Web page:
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you have in guam, the authorities there, understand what the north koreans said they will do. what this latest cycle, from the north korean perspective, is specific in terms of guam. strategichoned in on bombers, in particular, the b01 -52's,replaced the, b which did a lot of work in the korean war. now there is a new were playing with that squadron. they have been flying out of mom and coming up the southern half of the korean peninsula. the north koreans are always complaining about these kinds of things. complaining about joint military exercises the united states does with south koreans, complaining about this piece of equipment, that piece of the claimant. -- equipment. they have in making a stink about the b-1's coming from
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guam. the threat now is a challenge to differentiate from a strike or attack. the north koreans are not saying they will strike or attack obama. they are certainly not saying they will try -- the north koreans are not saying they will strike or attack guam or that they will set off a nuclear attack. what they will do it is more in termsnd problematic of how the united states respond . what they say they will do is fire for missiles to miss guam. they are even avoiding the territorial waters around guam. if they execute this, is to fire missiles as a demonstration of power, a challenge to the united states.
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they call it the "enveloping fire," and shooting around guam, not at guam. host: let's get our viewers in the conversation. professor john delury joining us from seoul and patrick cronin from the center for a new american security. the number is (202) 748-8001 for republicans. (202) 748-8000 for democrats. independents and others, (202) 748-8002. we welcome your tweets at @cspanwj. what do you think about this challenge john delury is talking about? guest: john is right. what the north korean leadership is trying to do is find a way to leverage its fear to threaten the united states and its allies without actually triggering war. guam wouldtriking trigger war. but the threat of missiles in waters well off the waters of guam tells trump and the united can't stop me from
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doing what i want to do." b-1 bombers were flown by the obama administration and now the trump administration to make sure that kim remembers that if he actually tries to kill someone, there will be legal repercussions immediately and that we are more powerful than north korea. we are in a stalemate. we are not actually try to jockey for position. tim johnson wants to show he has antsr -- kim jong-un w to show he has power. host: is there any sense of what kim jong-un once in negotiation? guest: no and yes. yes because practically speaking, there may be more diplomatic opportunities short of our objective on the peninsula and therefore a possible -- wards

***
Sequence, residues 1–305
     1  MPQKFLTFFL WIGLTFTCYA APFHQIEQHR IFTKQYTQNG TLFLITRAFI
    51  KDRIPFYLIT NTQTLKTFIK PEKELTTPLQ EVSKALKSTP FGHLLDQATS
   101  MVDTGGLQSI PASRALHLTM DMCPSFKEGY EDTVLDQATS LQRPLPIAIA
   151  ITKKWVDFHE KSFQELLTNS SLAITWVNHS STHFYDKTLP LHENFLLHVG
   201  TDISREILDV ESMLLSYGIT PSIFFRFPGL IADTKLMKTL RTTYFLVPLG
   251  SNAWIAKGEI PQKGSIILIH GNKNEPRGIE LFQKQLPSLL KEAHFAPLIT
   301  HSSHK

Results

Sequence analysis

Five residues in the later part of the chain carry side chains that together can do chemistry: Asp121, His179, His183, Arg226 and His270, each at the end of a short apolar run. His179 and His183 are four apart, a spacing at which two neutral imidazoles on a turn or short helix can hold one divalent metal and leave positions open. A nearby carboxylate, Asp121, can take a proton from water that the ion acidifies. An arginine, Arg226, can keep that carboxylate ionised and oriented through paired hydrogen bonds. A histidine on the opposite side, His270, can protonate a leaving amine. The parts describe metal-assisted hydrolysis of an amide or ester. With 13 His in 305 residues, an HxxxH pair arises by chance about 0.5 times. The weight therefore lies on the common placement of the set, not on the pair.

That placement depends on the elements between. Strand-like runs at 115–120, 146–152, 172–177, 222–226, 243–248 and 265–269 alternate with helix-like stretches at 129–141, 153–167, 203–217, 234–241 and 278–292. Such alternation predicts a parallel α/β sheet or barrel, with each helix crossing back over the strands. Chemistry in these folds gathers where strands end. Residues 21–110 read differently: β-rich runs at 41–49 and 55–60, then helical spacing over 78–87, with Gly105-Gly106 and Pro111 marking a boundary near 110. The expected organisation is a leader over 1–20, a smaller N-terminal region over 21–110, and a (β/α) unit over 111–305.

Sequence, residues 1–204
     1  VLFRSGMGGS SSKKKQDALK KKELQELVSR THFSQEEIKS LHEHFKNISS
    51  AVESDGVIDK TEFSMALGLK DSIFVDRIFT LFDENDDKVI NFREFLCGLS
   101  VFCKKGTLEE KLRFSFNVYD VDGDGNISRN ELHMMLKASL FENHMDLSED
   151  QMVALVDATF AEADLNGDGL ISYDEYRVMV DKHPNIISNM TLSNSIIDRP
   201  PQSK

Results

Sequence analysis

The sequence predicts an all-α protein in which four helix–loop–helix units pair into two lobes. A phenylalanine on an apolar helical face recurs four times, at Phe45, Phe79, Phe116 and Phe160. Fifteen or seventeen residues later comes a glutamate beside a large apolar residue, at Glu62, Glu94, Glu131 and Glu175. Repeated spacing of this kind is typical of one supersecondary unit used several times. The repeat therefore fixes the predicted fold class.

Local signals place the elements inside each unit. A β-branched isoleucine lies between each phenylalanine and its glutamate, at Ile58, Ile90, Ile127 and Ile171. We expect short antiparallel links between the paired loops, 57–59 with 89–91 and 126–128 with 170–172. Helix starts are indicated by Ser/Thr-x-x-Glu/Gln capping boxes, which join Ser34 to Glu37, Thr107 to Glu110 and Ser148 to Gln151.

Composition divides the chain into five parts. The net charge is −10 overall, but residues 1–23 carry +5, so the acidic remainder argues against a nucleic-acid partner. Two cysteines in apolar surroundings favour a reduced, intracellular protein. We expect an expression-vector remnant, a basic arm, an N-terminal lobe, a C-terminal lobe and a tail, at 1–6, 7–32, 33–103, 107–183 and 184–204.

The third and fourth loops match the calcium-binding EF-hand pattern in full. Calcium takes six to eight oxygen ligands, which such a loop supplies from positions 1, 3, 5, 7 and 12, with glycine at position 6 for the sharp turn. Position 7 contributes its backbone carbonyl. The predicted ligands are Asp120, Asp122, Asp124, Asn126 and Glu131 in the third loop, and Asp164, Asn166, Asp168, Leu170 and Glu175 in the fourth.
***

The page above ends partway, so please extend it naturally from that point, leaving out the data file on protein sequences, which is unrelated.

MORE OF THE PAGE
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coming in the threat at the same time. this will take a multinational approach, though. of callshave plenty waiting. let's go to danny from ohio, republican line. caller: good morning. i would like to state that this could have been avoided years harry truman not fired douglas macarthur when the red chinese came across the river and attack american troops and murdered them. crossed into china. at that point, harry s truman -- truman told him to get out. by the way, macarthur was a military genius. host: back to history a little bit.
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john delury, if you want to comment on that historical reference. guest: it is actually not the case that macarthur moved into china. macarthur did have some plans sus ofould scare the bejee listeners, to light up the border with nuclear weapons. there is a historical debate about the mental competency of douglas macarthur at that point. t that do track -- detrac he was one of the great military commanders, but there were serious, compelling reasons that harry made the decision to relieve macarthur of his duties. he never moved troops into china, that he was very aggressive about what he wanted to do. he essentially wanted to start and moved u.s. troops into china. that would have been a cataclysmic disaster.
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host: you are perspective as a former naval intelligence officer? guest: it is the basic strategy here. what ourtical -- political objectives trying to achieve an are you surpassing them, doing more harm than good, by pursuing a nuclear war? we have to be humble when dealing with the use of force abroad. it does not mean we have to be weak. we can be strong. but we are strong because we know we are in the right and we are trying to defend our interests and values. that is when strength matters. i do not want to replay the unclery" card -- my parachuted behind north korean lines, lost all but one of his troop, and came back a damaged man. war is hell. do not start war unless you are ready to fight to the end.
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in a nuclear age, that is not tenable. host: in new york, on our democrat line. caller: hello. my standing is why can't we find peace within the united states side, and why, can't north korea. if trump brought better negotiators, i think we would be better off. one toatrick cronin, take that -- want to take that first? guest: peace has been elusive since the arm assist -- armistice. it is a difficult effort. a lot of countries are involved. john delury explained pretty